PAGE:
Media criticism of the Wool Act emboldened Senators Richard Bryan (Nev.), Harry Reid (Nev.), John Kerry (Mass.) and Russ Feingold (Wis.) to attempt elimination of the Wool Act in the annual appropriation’s bill. On July 26, 1993, the Senate agreed to their amendment to eliminate Wool Act funding.

The U.S. House of Represenatives, however, pushed back on behalf of the sheep industry with Kika de La Garza (Texas) and Joe Skeen (N.M.) leading the charge to maintain wool funding. A historic Senate vote on Sept. 23, 1993, failed to defeat the amendment by Bryan, Reid and Feingold. That vote set the stage for a new political strategy: the best course was for the House to seek a three-year phase-out rather than immediate loss of payments to sheep producers. Ensuing action in October 1993 sent that language to the White House for approval.

“I had just been in Washington, D.C., and was told they weren’t going to do anything with it,” recalled former ASI President and longtime sheep producer Pierce Miller. “I got off a plane in San Angelo, Texas, and found out that we’d lost it. When you’re talking about government programs like the Wool Act, there are always going to be people who want to take potshots at it. I know they went to a lot of trouble to single out some producers with large operations because they were the ones collecting the largest checks.”

The Wool Act was an easy target for the Clinton administration.

“In February of 1993, I sent to the Congress A Vision of Change for America, the budget document accompanying my economic reform program. Among the recommendations were reforms in the wool and mohair program; subsidies provided for nearly 40 years to wool and mohair producers when materials for uniforms and gloves were deemed by the Federal Government as ‘strategic materials.’ Although the Department of Defense determined by 1960 that wool was no longer a strategic material, the subsidies continued. It would have been unthinkable to engage in an across-the-board effort to reduce the deficit – as we did in the beginning of our administration – and not seek changes in this program,” Clinton said in signing S.1548, the bill the killed the Wool Act. “This legislation reduces the deficit by $514 million over fiscal years 1994 to 1998.”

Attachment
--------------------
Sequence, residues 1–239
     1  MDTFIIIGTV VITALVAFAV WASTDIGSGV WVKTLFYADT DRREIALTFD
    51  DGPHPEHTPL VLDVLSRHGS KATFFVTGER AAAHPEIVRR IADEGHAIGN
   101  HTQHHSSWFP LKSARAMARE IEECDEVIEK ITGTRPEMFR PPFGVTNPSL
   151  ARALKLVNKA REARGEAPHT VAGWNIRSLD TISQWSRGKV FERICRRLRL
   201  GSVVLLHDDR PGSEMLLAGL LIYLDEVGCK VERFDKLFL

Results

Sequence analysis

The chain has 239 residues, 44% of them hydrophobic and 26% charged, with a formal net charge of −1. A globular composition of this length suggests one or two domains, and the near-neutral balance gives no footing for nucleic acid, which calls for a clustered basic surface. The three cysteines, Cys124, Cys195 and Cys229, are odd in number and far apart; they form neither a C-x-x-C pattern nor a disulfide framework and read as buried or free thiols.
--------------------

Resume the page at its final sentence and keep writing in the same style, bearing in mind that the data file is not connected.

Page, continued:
While the federal budget looked better in the long run, sheep numbers (and thus, wool production) continued to fall in the years after the Wool Act. Payments were phased out through a couple of years, but by 1996 they were gone completely.

American wool production dropped from 63.5 million pounds greasy in 1995 to 56.7 million pounds in 1996 and has fallen steadily from there. In 2017, that total was just 24.7 million pounds.

“Tens of thousands of operations left the business, and several million ewes were sold to slaughter with the elimination of the Wool Act,” said ASI Executive Director Peter Orwick, whose family-run operation in South Dakota was also affected by the act’s demise.


While the Wool Act disappeared, supporters in Washington looked for other ways to help the sheep industry. They created the National Sheep Industry Improvement Center – which offers grant money for projects designed to further industry interests. The Wool Trust followed, and provides funding to ASI to support the marketing of American wool in the global market.

“Those programs came out of the failure of the Wool Act,” Miller said. “My part of Texas is sheep and goat country, and it was hit hard by the loss of the Wool Act, which included mohair. I’ve seen this area switch from Rambouillet sheep and Angora goats to a lot of hair sheep since the Wool Act disappeared. But we’ve still got wool sheep, too. It wasn’t easy for those of us who stayed in the business, but we survived.”